12 September 2022

ESG: Federal Council pushes TCFD for climate reporting

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Swiss public companies, insurance companies and banks that employ at least 500 employees and have a balance sheet total of more than 20 million Swiss francs or sales revenues of more than 40 million Swiss francs must disclose climate issues in accordance with TCFD.

In 2017, the international expert commission "Task Force on Climate-related Financial Disclosures" (TCFD) published its recommendations for more uniform climate reporting. These recommendations are internationally recognized. To date, the TCFD, which is made up of representatives from leading companies in the global economy, has the support of around 2700 signatory states and organizations at the international level. Switzerland officially pledged its support to the TCFD on January 12, 2021. On August 18, 2021, the Federal Council also adopted the benchmarks for future mandatory climate reporting by large, national companies and instructed the Federal Department of Finance (FDF), together with other federal agencies, to prepare a consultation draft by summer 2022. The government has decided to specify this requirement by means of a separate ordinance, which will enter into force on January 01, 2023, and the accompanying explanatory report, and to implement the reporting on environmental and climate issues within the framework of transparency on non-financial matters (Art. 964bis Swiss Code of Obligations, Report on non-financial matters) based on the TCFD recommendations. The first reporting period covers the following financial year 2024 (information provided by telephone by the State Secretariat for International Finance, SIF). In the future, public climate reporting is to apply to publicly traded companies, insurance companies and banks that employ at least 500 people and have a balance sheet total of more than CHF 20 million or sales revenue of more than CHF 40 million. On one hand, the public report must include the financial risk that a company incurs through climate-related activities. On the other hand, it must disclose the impact of the company's business activities on the climate and the environment. Minimum requirements are intended to ensure that the disclosures are meaningful, comparable, and, where possible, forward-looking and scenario-based.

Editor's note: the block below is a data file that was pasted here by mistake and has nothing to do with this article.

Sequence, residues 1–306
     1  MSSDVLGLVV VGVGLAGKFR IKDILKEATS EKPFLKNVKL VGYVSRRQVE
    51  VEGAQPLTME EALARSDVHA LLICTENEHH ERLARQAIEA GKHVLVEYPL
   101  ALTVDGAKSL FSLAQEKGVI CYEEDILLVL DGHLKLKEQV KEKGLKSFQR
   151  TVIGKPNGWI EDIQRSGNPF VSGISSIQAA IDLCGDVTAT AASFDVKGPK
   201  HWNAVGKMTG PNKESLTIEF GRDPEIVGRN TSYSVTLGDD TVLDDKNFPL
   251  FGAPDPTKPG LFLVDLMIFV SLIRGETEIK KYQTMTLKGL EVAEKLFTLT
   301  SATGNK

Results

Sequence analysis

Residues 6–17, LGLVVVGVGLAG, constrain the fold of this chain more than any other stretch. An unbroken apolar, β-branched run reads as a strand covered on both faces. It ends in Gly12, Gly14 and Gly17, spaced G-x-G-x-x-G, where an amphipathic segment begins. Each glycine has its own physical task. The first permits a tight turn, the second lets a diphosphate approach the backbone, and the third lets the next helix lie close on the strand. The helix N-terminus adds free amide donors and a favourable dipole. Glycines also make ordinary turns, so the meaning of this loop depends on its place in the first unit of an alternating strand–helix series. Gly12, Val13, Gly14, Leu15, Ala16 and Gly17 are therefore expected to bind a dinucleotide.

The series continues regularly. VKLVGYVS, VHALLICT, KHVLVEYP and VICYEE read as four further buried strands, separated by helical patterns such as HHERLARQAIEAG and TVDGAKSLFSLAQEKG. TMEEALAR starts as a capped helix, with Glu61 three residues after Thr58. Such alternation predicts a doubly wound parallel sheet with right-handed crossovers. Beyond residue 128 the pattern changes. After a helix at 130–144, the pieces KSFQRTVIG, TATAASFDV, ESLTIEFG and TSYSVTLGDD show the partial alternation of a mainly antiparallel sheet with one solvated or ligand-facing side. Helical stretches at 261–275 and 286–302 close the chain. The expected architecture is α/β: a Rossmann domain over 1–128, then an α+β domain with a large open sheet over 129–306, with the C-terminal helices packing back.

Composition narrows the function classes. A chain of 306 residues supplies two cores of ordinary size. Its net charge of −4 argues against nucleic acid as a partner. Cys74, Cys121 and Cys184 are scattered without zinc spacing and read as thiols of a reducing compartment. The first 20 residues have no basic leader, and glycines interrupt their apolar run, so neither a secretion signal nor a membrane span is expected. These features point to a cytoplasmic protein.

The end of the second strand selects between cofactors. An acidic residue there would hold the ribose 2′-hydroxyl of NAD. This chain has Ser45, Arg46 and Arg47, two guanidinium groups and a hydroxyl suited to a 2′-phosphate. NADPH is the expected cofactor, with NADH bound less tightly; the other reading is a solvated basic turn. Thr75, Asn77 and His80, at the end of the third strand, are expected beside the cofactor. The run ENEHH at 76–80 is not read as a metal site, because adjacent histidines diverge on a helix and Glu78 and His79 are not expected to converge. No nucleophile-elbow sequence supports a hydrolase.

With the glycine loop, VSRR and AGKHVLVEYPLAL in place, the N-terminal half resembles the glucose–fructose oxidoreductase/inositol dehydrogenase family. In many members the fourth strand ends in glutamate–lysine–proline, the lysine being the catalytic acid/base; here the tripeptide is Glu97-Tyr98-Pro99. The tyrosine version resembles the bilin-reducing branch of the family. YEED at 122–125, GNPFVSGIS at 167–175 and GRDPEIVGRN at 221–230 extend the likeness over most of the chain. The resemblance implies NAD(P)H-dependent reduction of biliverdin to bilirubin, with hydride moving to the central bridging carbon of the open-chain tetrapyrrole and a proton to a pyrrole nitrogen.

The Federal Council sees great opportunities in a sustainable Swiss financial center, with transparency from large companies on the climate impact of their activities being a key element for sustainability in the financial sector. The benefit of this ordinance for the public lies primarily in the availability of precise and comparable data relating to climate issues and climate targets. The more meaningful and comparable the risks and impacts of the business activities of large corporations on the climate are disclosed, the better informed decisions can be made by investors, customers, policyholders, politicians and regulators. As a result, financial flows can be more climate-friendly and greenhouse gas emissions can be reduced. For companies, TCFD reporting has a direct impact on ESG ratings.


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